When 802.11n clients operate in a mixed environment with 802.11a or 802.11 b/g clients, 802.11n provides a protection mechanism to interoperate with 802.11a or 802.11 b/g clients. This introduces an overhead and reduces the throughput of 802.11n devices. Maximum throughput is achieved in Greenfield mode where only 802.11n clients exist.
Factors such as Channel width, Guard Interval and Reduced IFS (RIFS) play a major role in the bandwidth. Table 1 and Table 2 show how these factors affect the bandwidth.
Clients ability to send a Block Ack instead of individual frame acknowledgements.
MCS Index configured on the WLC.
Proximity to AP—Clients closer to the AP experience higher data rates. As clients move farther away from the AP, signal strength reduces. As a result, data rate decreases steadily.
RF environment—Amount of noise and interference in the environment. The less the noise and interference, the greater the bandwidth.
Encryption/ Decryption—Encryption in general reduces the throughput due to the overhead involved in the data encryption/decryption process. However, advanced encryption standards, such as AES, can provide better throughput when compared to other encryption standards, such as TKIP and WEP.
Wired Network Infrastructure—Bandwidth of the wired infrastructure determines the speed of the traffic to and from the wired network to the wireless clients.
If using an AP1250, change the AP to H-REAP mode for a 5-10% boost.
If using an AP1140, keep the AP in local mode and enable TCP MSS on the controller. Use the config ap tcp-adjust-mss enable all 1363 command in order to enable it.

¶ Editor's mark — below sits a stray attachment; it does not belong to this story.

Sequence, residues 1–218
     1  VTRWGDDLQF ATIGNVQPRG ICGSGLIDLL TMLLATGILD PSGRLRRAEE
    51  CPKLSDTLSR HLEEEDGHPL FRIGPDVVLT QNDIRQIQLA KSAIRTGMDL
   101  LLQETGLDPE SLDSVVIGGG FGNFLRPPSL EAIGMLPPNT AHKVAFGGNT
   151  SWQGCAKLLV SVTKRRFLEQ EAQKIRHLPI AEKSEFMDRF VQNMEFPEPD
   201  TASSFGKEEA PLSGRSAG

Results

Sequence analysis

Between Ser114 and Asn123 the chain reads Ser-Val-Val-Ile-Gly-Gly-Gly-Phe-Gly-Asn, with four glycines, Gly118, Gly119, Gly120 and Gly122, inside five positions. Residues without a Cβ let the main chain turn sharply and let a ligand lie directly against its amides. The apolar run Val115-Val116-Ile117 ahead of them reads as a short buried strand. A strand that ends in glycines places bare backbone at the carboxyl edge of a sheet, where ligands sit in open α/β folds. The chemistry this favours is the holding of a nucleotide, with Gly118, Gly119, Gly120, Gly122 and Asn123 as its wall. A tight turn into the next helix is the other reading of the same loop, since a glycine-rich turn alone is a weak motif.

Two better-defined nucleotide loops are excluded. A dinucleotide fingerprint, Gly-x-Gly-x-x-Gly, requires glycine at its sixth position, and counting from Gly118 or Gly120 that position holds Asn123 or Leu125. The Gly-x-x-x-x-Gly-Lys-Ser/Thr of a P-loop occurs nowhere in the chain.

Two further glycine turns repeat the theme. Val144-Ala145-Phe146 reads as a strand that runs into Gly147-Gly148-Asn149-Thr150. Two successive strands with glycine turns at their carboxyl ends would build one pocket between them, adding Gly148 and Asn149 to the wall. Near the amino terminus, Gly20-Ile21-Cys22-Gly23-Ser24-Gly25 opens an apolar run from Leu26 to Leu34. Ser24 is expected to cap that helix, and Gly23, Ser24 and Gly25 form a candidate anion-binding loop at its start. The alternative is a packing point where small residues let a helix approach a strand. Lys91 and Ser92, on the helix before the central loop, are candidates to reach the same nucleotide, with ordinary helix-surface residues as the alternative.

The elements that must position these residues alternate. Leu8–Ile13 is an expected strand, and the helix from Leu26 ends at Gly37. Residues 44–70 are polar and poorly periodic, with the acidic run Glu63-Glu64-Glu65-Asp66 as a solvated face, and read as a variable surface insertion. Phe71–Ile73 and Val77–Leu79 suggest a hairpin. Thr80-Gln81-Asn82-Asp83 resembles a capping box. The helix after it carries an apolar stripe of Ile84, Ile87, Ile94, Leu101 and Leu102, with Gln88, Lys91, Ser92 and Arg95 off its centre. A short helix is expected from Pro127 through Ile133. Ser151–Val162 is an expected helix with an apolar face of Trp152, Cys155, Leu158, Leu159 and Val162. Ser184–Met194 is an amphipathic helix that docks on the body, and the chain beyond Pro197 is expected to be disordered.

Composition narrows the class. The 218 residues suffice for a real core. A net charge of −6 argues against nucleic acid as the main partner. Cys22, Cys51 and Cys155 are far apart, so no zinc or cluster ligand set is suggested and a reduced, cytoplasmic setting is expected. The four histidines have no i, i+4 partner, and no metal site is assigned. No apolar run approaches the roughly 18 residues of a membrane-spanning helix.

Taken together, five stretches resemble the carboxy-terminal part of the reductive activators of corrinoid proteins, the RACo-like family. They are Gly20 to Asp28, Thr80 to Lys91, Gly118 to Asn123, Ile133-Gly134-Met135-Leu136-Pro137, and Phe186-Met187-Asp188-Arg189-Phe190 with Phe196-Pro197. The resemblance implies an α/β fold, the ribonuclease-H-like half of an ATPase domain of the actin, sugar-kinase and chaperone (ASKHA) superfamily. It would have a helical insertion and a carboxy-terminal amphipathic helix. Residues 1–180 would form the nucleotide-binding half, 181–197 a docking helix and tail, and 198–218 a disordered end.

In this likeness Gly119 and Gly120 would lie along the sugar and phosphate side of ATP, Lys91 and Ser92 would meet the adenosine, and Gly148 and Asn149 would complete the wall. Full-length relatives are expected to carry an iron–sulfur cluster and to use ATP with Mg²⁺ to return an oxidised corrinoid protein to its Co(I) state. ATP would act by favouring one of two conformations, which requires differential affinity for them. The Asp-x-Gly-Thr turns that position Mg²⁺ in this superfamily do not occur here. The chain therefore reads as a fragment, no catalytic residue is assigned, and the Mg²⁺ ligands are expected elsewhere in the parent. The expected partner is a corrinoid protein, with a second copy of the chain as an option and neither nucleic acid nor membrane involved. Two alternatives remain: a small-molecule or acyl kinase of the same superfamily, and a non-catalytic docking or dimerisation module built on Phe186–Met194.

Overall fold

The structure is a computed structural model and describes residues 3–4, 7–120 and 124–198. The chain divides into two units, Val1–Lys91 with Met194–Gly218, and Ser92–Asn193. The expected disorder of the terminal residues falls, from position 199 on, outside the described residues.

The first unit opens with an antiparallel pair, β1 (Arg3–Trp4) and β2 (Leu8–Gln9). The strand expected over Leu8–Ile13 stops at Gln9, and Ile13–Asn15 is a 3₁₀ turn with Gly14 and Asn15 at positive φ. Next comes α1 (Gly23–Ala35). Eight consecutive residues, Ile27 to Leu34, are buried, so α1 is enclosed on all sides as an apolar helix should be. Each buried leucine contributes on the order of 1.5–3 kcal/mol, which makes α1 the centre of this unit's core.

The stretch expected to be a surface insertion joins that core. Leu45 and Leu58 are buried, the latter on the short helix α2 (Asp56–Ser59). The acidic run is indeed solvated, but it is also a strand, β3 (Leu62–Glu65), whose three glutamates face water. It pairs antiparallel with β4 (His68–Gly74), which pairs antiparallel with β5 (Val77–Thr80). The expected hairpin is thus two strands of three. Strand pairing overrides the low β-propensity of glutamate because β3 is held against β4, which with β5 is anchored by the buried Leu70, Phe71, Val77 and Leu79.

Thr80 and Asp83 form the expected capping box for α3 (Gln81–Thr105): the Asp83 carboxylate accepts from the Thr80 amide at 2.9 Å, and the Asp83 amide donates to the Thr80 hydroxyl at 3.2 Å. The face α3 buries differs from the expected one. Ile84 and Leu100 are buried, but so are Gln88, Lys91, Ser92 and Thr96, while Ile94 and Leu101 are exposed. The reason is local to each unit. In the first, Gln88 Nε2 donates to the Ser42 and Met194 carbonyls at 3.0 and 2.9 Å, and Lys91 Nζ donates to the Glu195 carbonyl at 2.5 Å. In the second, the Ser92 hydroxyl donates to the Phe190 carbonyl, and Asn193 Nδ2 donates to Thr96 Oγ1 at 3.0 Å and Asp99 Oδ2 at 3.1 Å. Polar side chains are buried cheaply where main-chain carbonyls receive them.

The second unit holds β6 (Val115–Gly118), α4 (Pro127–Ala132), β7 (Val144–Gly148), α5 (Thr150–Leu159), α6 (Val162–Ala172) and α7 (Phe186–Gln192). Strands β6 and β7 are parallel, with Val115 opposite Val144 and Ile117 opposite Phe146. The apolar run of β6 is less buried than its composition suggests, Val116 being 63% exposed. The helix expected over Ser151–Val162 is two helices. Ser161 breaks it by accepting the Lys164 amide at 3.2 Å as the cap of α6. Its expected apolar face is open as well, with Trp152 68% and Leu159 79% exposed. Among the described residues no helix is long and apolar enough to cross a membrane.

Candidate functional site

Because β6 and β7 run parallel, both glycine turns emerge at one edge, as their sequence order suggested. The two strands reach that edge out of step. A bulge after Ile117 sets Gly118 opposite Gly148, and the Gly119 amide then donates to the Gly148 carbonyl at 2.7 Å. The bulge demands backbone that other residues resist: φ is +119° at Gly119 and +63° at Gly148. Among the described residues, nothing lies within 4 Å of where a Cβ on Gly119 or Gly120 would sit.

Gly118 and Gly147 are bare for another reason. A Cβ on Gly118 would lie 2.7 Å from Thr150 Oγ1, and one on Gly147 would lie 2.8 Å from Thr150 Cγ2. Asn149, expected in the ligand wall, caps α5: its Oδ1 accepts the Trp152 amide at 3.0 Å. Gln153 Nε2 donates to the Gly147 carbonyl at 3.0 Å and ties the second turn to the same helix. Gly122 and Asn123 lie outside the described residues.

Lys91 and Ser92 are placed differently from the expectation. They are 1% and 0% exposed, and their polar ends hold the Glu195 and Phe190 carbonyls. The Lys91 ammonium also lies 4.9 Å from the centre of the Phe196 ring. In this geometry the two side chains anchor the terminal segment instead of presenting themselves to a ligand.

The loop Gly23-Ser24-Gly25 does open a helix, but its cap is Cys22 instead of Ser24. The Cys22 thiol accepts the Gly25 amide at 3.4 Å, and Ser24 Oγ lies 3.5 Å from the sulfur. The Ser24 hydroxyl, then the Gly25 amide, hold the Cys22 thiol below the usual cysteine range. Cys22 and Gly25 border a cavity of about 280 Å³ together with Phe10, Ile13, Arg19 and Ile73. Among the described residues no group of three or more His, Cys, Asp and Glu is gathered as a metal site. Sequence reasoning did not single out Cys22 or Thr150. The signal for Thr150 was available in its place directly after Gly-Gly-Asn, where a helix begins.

Disable RRM scanning to prevent any throughput drops when going off channel. This can yield a 1-3% improvement.
Disable RLDP to ensure the AP does not attempt to connect to rogue devices during testing.
Use a Wireless Controller 5508 as the data plane is superior to the 4404-series.
Here is a quick simple answer.... Make sure your encryption is set to WPA2/AES and also make sure WMM is enabled and 40 MHz channel width is being used. The last two along with AES is what is required to see 300mbps from a compatible 802.12n device. Make sure when you test also, that your near the AP so that signal isn't an issue.
Look at the link posted in the other post also. Both post has very good info.
Transferring Crash file from standby: Login to the Active WLC in HA.
From CLI: (Cisco Controller) >transfer upload datatype crash (Cisco
Controller) >transfer upload filename (Cisco
Controller) >transfer upload mode tftp (Cisco Controller) >transfer
This is the start of a display filter cross reference between Wireshark
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